Another example is small business loans. We know that small businesses are the primary source of job formation in the economy. They create two out of every three new jobs. Small business loans are thus extremely important. But under Dodd-Frank and under CCAR analysis, because of the nature of a small business loan, typically most of those are leveraged loans and we get penalized. We have to hold more capital for a small business loan than you do for a consumer loan.

When you look at the amount of capital you have to hold, and the underwriting requirements for a small business loan versus a larger loan, the cost is the same. It makes it more difficult to serve small businesses, and you see small business lending by banks being significantly reduced over what you saw pre-crisis.

Once again, a lot of regulation that came out of Dodd-Frank made for a stronger financial services sector. The requirement to stress-test our portfolios makes a lot of sense. We should continue to do that.

But Dodd-Frank has also created some complexities around lending. Likewise, the cost associated with compliance, such as DFAST and CCAR, forces resources to be pulled away from new product introduction.

Aramanda: Yes. I think the other TCH member bank CEOs would agree with you and the way you characterize it. While a lot of it makes sense, Dodd-Frank needs to be recalibrated. Its impact on the industry and on the economy also needs to be considered as well.

Carmichael: Agreed.

Aramanda: You are one of the select few CIOs who have gone on to become a CEO of a financial company. How do you think your background gives you an advantage when it comes to running a bank?

Carmichael: Jim, I’ve spent my entire career using technology in a way to solve business problems or to make a company more efficient. When you think about the skills associated with putting in new technology, the preparation, the testing, the disaster planning you have to go through to make sure you can recover from a situation, all of those skills are very helpful when you sit as a CEO of any company.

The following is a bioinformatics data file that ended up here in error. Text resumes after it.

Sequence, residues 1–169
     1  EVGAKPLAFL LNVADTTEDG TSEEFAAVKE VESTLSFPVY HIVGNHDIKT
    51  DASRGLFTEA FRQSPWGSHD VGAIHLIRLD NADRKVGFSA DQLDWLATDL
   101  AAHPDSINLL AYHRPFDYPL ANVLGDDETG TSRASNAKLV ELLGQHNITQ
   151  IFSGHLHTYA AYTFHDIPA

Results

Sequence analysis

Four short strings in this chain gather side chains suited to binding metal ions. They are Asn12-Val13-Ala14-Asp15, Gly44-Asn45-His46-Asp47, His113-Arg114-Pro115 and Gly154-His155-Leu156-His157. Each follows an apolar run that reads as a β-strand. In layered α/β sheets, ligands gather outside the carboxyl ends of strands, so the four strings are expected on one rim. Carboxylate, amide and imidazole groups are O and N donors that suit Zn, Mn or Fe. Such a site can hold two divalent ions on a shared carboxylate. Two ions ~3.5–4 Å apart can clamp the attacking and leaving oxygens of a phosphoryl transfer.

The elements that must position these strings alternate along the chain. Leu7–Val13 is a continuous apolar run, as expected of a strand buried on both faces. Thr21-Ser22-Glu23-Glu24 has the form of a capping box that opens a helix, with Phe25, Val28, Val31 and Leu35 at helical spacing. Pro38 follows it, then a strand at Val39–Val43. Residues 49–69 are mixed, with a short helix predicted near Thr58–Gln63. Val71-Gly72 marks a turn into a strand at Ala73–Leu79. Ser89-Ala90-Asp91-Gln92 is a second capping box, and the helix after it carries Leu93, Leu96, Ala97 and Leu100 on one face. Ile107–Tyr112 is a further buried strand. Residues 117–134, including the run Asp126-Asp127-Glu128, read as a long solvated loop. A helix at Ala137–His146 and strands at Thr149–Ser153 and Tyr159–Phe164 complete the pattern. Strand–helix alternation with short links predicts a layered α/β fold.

In our sector right now, what’s really interesting is the pace of change we’re experiencing, driven by digital capabilities. The digital capabilities have been enabled by some of the legislation that’s been passed in the past few decades. Check 21 enabled banks to transact with a digital image of a check versus the physical check. The new legislation plus the emergence of broadband internet, smartphone technology, and web-based applications all came together to change how we serve our customers, the products we offer, and the channels in which we can offer those products.

A technology background is very helpful with the digital transformation that’s occurring now. My approach to problem solving and using technology adds to how I look at my job as CEO.

Our fintech strategy allows us to accelerate the pace at which we bring new and better products, services, and experiences to our customers.

My technology experience is very helpful in my current role as we work to assess the right type of technology or the right type of partnerships.

We have a clear strategy at Fifth Third when it comes to technology: buy, partner, then build. That mentality of looking out and finding the best partners and the best solutions to solve our problems and implement them quicker, in this day and age, gives a bank an advantage. This strategy is driven by the way our customers want to bank, which is anywhere, anytime. They want simple, easy and fast banking services for day-to-day transactions, and they want a relationship with a trusted advisor.

And to finish answering your question, I’d like to also discuss FinTechs. You know, Jim, I look at FinTechs as a great opportunity. We embrace FinTechs as partners who can help make us better. We have FinTech in our DNA plus more than 150 years of financial services experience. In fact, Fifth Third has a long heritage in the FinTech space. We’ve been doing FinTech integration and partnerships for the last decade at Fifth Third to introduce new products and services. Examples include bill pay, mobile banking, payment solutions, etc.

Fifth Third was the first bank to introduce a network ATM infrastructure back in the late ’70s. We’ve been innovative for a long time. We built Vantiv Corporation, which is now a very large FinTech company. All in all, I look at FinTech as an opportunity to better serve our customers and to differentiate ourselves. FinTech is not something that I view as a threat.

Aramanda: Yes, I think FinTechs are a threat if you don’t understand what they can do to help drive solutions to the market. While we’re on that topic, can you talk about Fifth Third’s partnership with private equity?